43 Folders

Back to Work

Merlin’s weekly podcast with Dan Benjamin. We talk about creativity, independence, and making things you love.

Join us via RSS, iTunes, or at 5by5.tv.

”What’s 43 Folders?”
43Folders.com is Merlin Mann’s website about finding the time and attention to do your best creative work.

Open Thread: Mac Mind Mapping, and how you use it

I've recently revived my interest in doing mind mapping as a way to capture ideas and plan out projects.

Back in the day, I'd use Inspiration (which registration regrettably died a few years ago), and in more recent times I've played with free apps like My Mind and FreeMind, as well as tested more costly apps like NovaMind and MindManager.

If you also like to mind map, I'm curious to hear which of these you and your Mac are using, how you're using it, and what made you choose one app over another. Got a preference? Prefer regular old paper and markers? Using lots of images in your mind maps? Which pay app is most worth the dough, and why?

And for folks who are new to mind mapping, here's a few links to get you started:

  • Mind map - Wikipedia, the free encyclopedia - "A mind map (or mind-map) is a diagram used to represent words, ideas, tasks or other items linked to and arranged radially around a central key word or idea. It is used to generate, visualize, structure and classify ideas, and as an aid in study, organization, problem solving, and decision making."
  • Mind Maps [peterussell.com] - "Mind maps were developed in the late 60s by Tony Buzan as a way of helping students make notes that used only key words and images. They are much quicker to make, and because of their visual quality much easier to remember and review. The non-linear nature of mind maps makes it easy to link and cross-reference different elements of the map."
  • Learn how to draw Mind Maps with Mind Tools - "Mind Maps are more compact than conventional notes, often taking up one side of paper. This helps you to make associations easily. If you find out more information after you have drawn the main Mind Map, then you can easily integrate it with little disruption."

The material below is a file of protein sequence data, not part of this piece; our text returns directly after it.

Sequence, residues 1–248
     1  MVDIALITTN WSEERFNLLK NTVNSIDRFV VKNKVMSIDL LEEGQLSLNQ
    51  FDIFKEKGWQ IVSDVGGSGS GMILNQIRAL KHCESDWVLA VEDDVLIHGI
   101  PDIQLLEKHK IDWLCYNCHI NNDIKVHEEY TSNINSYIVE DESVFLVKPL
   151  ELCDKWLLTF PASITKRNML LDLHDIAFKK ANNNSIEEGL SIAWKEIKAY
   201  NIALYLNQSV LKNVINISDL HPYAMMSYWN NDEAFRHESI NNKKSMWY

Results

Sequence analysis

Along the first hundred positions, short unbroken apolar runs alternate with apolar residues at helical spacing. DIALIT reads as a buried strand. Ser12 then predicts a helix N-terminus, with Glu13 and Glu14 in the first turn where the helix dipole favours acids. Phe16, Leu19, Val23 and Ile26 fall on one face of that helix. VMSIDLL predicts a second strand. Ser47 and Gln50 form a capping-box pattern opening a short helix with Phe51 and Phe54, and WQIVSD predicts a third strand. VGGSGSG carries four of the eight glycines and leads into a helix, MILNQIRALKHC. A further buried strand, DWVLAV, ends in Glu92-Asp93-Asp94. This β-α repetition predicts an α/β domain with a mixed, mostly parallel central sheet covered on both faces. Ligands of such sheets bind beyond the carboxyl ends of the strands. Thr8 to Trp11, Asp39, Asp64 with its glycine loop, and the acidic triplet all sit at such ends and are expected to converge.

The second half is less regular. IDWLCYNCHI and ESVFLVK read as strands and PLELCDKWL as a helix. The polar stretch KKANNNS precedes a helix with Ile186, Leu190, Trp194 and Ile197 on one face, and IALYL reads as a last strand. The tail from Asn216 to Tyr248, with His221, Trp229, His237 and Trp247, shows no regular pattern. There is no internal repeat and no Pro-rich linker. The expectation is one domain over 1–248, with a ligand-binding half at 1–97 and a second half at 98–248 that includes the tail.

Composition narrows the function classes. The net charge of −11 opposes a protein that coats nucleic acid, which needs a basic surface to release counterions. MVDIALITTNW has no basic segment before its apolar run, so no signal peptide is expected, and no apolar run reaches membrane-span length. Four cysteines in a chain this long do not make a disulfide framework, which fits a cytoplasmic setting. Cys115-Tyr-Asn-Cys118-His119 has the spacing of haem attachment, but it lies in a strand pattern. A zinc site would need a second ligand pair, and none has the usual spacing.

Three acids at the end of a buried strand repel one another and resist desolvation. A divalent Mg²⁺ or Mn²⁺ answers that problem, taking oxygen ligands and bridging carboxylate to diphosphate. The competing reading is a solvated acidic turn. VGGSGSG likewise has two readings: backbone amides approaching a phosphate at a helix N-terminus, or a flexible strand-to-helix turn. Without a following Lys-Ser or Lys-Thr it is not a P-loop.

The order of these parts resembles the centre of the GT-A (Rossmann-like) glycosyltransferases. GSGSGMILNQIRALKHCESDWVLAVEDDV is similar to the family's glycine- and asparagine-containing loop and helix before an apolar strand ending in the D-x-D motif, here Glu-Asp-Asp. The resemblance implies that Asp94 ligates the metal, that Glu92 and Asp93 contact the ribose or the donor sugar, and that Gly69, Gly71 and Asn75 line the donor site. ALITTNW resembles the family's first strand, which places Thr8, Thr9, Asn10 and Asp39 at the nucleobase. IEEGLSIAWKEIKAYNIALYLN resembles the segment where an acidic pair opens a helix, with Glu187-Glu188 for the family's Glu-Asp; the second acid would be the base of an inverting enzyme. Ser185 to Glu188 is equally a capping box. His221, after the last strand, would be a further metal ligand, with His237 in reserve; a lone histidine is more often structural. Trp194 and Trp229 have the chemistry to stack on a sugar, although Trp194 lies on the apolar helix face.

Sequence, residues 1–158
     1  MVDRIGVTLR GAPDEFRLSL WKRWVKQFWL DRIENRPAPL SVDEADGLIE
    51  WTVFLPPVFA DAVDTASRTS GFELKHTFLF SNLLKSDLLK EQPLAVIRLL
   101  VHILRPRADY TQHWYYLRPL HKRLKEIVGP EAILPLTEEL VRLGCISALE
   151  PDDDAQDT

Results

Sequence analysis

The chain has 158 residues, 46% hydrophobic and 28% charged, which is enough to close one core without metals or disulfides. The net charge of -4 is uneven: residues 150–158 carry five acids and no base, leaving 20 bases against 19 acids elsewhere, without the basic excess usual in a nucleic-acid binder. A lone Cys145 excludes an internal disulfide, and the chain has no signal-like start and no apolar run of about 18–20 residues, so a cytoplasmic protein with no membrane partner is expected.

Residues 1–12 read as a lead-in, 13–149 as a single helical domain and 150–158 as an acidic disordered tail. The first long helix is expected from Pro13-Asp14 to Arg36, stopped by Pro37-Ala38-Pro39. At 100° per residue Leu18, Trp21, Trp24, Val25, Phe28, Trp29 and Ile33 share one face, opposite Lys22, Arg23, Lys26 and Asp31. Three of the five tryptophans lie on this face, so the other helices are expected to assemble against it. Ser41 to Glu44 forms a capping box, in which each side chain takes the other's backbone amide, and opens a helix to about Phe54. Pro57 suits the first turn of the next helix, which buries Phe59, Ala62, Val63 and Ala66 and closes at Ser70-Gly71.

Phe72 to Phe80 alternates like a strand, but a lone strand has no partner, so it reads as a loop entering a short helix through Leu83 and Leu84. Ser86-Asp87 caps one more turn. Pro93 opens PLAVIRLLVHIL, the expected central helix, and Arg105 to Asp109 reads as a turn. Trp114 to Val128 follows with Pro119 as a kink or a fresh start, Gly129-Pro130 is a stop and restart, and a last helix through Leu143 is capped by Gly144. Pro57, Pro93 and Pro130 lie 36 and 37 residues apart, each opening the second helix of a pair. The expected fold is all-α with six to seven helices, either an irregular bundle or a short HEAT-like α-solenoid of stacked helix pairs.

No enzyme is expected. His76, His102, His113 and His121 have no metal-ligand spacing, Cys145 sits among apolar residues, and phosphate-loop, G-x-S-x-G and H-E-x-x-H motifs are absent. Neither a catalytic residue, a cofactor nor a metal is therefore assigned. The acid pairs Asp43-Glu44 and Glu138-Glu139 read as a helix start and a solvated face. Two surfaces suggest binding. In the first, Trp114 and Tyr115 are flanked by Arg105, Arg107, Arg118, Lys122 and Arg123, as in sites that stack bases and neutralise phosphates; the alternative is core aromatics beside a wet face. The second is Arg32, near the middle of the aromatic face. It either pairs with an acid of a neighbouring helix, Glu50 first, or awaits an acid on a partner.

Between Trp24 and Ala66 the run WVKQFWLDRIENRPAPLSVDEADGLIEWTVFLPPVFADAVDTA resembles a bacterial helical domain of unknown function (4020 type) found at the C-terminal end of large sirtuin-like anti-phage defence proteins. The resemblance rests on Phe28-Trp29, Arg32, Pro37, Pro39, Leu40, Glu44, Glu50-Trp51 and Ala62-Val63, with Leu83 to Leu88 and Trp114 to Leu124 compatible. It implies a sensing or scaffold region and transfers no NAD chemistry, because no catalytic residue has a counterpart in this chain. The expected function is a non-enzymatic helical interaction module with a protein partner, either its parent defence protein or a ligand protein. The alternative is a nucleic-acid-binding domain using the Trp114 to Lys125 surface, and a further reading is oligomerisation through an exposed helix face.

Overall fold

• how to make a mind map - "Your initial words and images stimulate associations. Attach whatever word or image is triggered. Allow the 'random movement of your thought; you do not have to ‘finish’ one branch before moving on"
  • Uses of Mind Maps [peterussell.com] - "Whenever you are confronted by a problem -- professional or personal -- mind maps help you see all the issues and how they relate to each other. They also help others quickly get an overview of how you see different aspects of the situation, and their relative importance."
Morgan's picture

I've bounced around the mind...

I've bounced around the mind map space for several years and find them key for many things including

-- note taking

-- personal brainstorming

-- organizing / refining my thoughts on a single topic

-- Meeting facilitation -> I've had great experience using a mind map interactively with a group capturing all their ideas, grouping them interactively with the people and then ranking them. Really powerful tool in that manner.

I'm currently using Novamind. I moved over from freemind because it can export to Omni Outliner and it is a bit prettier. I am surprised nobody has mentioned this exporting, given all the kGTD folks here. :) (Although, ironically I moved to Novamind as part of a migration to kGTD and couldn’t give up syncing to my PDA that I have with the older life balance, but that is for another thread).

And novamind uses linkback so I can import my omnigraffle pictures into the map and throw the maps into Curio idea spaces as I collect my thoughts.

I haven't used Omnigraffle's mindmapping stencil because it is slower --> the benefits to a mind map tool comes when it is a quick as quick silver is to Merlin. Although the new outline features in OmniG are nice, they are not quite there in my mind and intuitive for me, so I've stuck with a dedicated mind-mapping tool that does the job well.

In my mind concept mapping is different to mind mapping. I'd agree with David and Kirk R. Concept mapping I would use to really dive into the complexity, the mind map is to capture quickly and recall easily.

As you might be able to tell, I capture a lot of my ideas visually -- so mind maps were a natural tool for me. Your mileage may vary.

-- Morgan




An Oblique Strategy:
Honor thy error as a hidden intention


Subscribe with Google Reader

Subscribe on Netvibes

Add to Technorati Favorites

Subscribe on Pageflakes

Add RSS feed

The Podcast Feed


Merlin used to crank. He’s not cranking any more.

This is an essay about family, priorities, and Shakey’s Pizza, and it’s probably the best thing he’s written. »

Scared Shitless

Merlin’s scared. You’re scared. Everybody is scared.

This is the video of Merlin’s keynote at Webstock 2011. The one where he cried. You should watch it. »